#5 – When the brochure says the campground gate closes at 10pm, it really means it. Our plans had not included so much “set up” time to get our road trip started, so we ended up starting out later than expected. There was a possibility we’d make it to the campground (Lake Elmer Thomas Recreation Area, or LETRA) by the time the gate was supposed to close, but it was not a certainty. We tried to call ahead to no avail (endless voice mail loops with full voice mail boxes), and we ended up missing it by 30 minutes. And it was locked. Locked. With no sign to say who to call or what to do. So, we spent another 45 minutes trying to find another campground in the area in the dark on the back roads of Oklahoma. Not fun. We eventually ended up parking that night in my brother’s driveway about 30 minutes from our destination – after waking up my sister-in-law, Sherri, at 11:15 pm to see if they were home. Lesson: plan your travel well and have a back up Plan B. And maybe even Plan C.
#6 – The big benefit of the RV is the mobility of sleeping quarters – not comfort of the drive. My husband and I debated this when we first talked about taking on this little adventure. He was gung-ho about the idea because he thought the journey itself would be more enjoyable. I thought it would give us appropriate sleeping quarters, because (unfortunately) the place we wanted to go was booked up already for any appropriate family cabins. Turns out I was right. He spent the entire time driving being stressed out, and while the kids enjoyed it, it wasn’t incrementally that much better than road trips we’ve had in the minivan. The biggest benefits of this mode of travel are having clean bathrooms on the interstate and only having to pack/unpack once — both of which matter a lot more when you are taking long road trips with multiple night stop overs. Or, of course, if there are no appropriate sleeping accomodations at all, which was our case when all the best cabins in the area were booked.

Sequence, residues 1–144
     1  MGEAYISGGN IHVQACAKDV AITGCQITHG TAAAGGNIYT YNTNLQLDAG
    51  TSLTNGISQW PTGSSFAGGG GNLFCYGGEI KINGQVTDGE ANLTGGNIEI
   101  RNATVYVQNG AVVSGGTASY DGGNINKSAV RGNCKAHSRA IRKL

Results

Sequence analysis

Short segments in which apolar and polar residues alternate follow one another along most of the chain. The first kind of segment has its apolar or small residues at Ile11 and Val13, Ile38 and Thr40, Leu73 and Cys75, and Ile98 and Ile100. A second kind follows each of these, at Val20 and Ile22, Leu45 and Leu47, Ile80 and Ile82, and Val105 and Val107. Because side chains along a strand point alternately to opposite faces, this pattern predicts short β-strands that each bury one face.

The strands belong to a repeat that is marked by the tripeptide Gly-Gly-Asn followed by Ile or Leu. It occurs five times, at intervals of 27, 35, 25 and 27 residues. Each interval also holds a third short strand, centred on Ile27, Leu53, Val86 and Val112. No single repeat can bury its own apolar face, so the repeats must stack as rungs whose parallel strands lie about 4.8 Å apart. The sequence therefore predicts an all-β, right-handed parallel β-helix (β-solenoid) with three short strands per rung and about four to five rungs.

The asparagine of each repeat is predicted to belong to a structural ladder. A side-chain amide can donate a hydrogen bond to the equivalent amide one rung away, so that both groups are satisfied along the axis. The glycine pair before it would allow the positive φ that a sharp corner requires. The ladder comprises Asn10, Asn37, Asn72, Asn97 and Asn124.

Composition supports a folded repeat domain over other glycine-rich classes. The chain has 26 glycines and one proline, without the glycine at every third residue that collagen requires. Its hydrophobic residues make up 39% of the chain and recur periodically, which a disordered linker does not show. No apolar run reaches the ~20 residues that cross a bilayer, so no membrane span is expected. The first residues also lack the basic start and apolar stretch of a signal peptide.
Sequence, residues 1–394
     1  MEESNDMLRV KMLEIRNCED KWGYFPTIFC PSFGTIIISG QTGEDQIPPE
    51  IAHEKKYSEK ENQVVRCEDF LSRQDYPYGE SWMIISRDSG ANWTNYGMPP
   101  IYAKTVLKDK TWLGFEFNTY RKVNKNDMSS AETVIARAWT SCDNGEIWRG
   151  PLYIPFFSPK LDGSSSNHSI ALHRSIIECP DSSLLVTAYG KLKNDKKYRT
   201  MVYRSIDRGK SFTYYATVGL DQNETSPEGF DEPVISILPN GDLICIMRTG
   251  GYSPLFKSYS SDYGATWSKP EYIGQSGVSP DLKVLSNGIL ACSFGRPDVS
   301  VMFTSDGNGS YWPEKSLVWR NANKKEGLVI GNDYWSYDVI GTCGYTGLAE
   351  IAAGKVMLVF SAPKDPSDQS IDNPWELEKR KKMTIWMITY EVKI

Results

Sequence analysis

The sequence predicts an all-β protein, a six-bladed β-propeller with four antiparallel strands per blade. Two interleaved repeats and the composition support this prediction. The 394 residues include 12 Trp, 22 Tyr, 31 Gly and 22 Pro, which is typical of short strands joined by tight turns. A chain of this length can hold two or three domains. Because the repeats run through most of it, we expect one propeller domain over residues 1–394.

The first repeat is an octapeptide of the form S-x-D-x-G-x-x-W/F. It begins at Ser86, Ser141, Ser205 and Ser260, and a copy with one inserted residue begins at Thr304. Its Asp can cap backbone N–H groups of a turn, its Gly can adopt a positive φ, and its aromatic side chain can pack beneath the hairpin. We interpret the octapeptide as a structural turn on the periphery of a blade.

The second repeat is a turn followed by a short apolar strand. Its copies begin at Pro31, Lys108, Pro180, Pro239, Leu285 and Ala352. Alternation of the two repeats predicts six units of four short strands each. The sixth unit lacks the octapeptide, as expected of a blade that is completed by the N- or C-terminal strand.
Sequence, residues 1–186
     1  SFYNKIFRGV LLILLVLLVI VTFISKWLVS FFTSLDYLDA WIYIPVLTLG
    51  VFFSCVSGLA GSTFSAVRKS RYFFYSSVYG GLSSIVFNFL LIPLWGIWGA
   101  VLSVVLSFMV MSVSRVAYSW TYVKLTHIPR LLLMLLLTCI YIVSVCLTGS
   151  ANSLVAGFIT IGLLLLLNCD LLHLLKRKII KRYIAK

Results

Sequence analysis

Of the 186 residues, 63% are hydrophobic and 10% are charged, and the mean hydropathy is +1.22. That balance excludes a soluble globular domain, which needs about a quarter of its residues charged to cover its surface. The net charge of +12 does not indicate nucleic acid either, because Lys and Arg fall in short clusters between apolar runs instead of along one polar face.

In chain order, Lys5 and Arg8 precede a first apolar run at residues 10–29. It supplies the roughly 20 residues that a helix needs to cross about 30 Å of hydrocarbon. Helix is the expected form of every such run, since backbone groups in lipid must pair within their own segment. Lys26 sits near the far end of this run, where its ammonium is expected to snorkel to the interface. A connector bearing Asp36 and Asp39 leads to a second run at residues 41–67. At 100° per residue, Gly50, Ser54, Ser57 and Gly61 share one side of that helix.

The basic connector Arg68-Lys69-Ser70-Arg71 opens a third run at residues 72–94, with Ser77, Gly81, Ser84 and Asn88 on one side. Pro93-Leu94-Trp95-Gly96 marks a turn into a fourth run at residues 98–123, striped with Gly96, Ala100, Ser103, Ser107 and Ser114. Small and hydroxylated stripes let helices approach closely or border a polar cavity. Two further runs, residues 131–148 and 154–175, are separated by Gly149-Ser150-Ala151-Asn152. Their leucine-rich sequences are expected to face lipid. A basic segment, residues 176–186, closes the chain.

#7 – Save your RV trips for the summer. Any spring in Texas or Oklahoma is a roll of the dice on weather. The average nightly temperature on our trip was 35 degrees, and the daytime temps were in the 50’s. Plus, in Oklahoma, we had strong winds (also no surprise)….one night blowing our RV so hard that it made me lose my balance while I stood doing dishes. The worst part of the cold weather, though, was that it kept us from enjoying our campground and the outdoors as much as we would have liked. We ate our meals inside, played inside (mostly), and traveled inside (of course), which got to feel a little clausterphobic at times.